What are Speedy Trial Rights

A defendant has a constitutional right to a speedy trial, meaning that once the state commences a criminal prosecution the defendant can demand trial within a reasonable time.

Speedy trial rights usually start with the arrest and detention of a suspect, or with the formal initiation of charges against a defendant. If a timely trial cannot be held, the charge against the defendant may become subject to dismissal.

Speedy trial rights may arise by statute, through a state constitution or under the Sixth Amendment of the U.S. Constitution.

The reasons for giving defendants speedy trial rights include the potential for harm to a defendant's ability to defend against the charge, concerns about lengthy pretrial detention, and the anxiety and community suspicion that may fall upon a defendant who is awaiting trial.

Speedy Trial Violations

For statutory speedy trial rights, the consequences of a statutory speedy trial violation may be defined within the statute. However, states may not reduce a defendant's rights under the U.S. Constitution, and a violation of a defendant's constitutional speedy trial rights will result in the defendant's dismissal being set aside and the dismissal of the charge.

That is to say, a state may offer a defendant greater speedy trial rights than are required by the U.S. Constitution, but may not reduce those rights.

Within that limit, speedy trial rules may vary depending upon factors including the nature of the charge, whether or not the defendant has posted bond or is in pretrial detention.

When evaluating whether a constitutional speedy trial violation has occurred, a court will consider:

  • The length of the delay: the amount of time that passed between the commencement of the prosecution and the trial date. If the defense has requested or agreed to an adjournment, that portion of the delay is not considered when making the determination of whether the defendant's rights were violated.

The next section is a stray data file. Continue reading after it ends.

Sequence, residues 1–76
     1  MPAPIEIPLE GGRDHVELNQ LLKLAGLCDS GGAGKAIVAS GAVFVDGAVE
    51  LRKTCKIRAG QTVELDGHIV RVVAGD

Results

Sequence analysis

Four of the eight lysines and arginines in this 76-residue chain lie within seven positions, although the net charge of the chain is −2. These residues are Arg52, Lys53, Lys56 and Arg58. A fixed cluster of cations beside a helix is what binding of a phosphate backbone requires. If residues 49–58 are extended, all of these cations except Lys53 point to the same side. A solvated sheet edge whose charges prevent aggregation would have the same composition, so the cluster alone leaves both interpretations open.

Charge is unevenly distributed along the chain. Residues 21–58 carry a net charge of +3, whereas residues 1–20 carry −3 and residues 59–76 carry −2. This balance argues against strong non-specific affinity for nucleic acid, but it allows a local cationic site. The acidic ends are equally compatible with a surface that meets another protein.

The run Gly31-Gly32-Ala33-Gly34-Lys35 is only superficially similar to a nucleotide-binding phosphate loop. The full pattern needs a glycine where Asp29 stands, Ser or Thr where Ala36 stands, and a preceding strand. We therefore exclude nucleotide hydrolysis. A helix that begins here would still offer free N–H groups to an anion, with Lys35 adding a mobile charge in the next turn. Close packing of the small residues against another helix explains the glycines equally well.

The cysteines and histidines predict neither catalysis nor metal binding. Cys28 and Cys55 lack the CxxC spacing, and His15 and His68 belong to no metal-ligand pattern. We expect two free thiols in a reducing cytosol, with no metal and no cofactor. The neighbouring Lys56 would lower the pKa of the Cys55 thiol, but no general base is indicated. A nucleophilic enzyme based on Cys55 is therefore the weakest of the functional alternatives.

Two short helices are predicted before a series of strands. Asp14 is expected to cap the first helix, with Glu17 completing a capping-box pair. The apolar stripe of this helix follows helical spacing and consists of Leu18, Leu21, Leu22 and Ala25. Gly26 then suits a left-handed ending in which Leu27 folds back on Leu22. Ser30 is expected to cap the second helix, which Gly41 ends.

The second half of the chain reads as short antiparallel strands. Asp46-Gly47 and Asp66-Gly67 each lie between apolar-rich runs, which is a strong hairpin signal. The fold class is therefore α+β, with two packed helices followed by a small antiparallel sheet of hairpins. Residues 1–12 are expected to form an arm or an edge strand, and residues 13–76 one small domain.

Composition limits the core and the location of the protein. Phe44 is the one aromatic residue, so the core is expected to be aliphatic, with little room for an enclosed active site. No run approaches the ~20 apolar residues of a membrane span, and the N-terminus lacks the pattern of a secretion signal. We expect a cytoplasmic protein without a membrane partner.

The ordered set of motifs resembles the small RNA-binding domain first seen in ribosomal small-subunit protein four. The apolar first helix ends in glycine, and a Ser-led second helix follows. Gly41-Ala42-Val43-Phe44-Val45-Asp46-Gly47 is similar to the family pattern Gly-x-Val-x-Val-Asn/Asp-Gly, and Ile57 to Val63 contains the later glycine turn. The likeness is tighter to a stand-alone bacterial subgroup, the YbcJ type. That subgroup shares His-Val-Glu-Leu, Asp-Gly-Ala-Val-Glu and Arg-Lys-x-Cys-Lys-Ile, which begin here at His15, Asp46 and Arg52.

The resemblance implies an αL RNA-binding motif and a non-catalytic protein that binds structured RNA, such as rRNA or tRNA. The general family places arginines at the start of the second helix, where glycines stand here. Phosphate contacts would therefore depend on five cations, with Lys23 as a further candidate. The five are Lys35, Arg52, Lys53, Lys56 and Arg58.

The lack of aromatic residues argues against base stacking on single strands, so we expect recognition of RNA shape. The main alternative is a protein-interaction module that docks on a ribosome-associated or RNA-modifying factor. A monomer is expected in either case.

• The reasons for the delay: the delay of a criminal trial may occur for a number of reasons, some of which are attributable to the defense, prosecution, court, or to other factors outside of anybody's control.

  • The defendant's demand for a speedy trial: if the defendant has not requested a speedy trial and did not object to the delay prior to trial, the court may factor the defendant's failure to assert speedy trial rights when assessing whether the defendant's rights were violated.

  • Prejudice to the Defense: the court may evaluate whether the delay caused any material harm to the defendant's ability to prepare and present a defense, such as through the loss of evidence or the unavailability of witnesses that would have been available but for the delay.

State statutes may provide more rigid speedy trial rules, particularly for minor offenses and traffic offenses. For example, a state might provide that a traffic court matter is subject to dismissal if a hearing is not scheduled within 45 days, unless the defense has requested an adjournment.

Waiver of Speedy Trial Rights

Although most constitutional rights cannot be waived, speedy trial rights are subject to waiver. A defendant's failure to assert a speedy trial right may be considered in association with a subsequent claim that the right was violated, as may any benefit that the defendant received as a result of the delay.

In some jurisdictions, the assertion of a speedy trial may result in the case being quickly scheduled for trial, and a defendant may feel compelled to waive the right to a speedy trial in order to get sufficient time to prepare a defense.

If a defendant demands a speedy trial, the defendant cannot later claim that he did not have time to prepare his defense. However, if a defendant demands a speedy trial and the prosecutor is not prepared to proceed to trial, there is a possibility that charges against the defendant could be dismissed.

Copyright © 2016 Aaron Larson, All rights reserved. No portion of this article may be reproduced without the express written permission of the copyright holder. If you use a quotation, excerpt or paraphrase of this article, except as otherwise authorized in writing by the author of the article you must cite this article as a source for your work and include a link back to the original article from any online materials that incorporate or are derived from the content of this article.

This article was last reviewed or amended on Apr 19, 2018.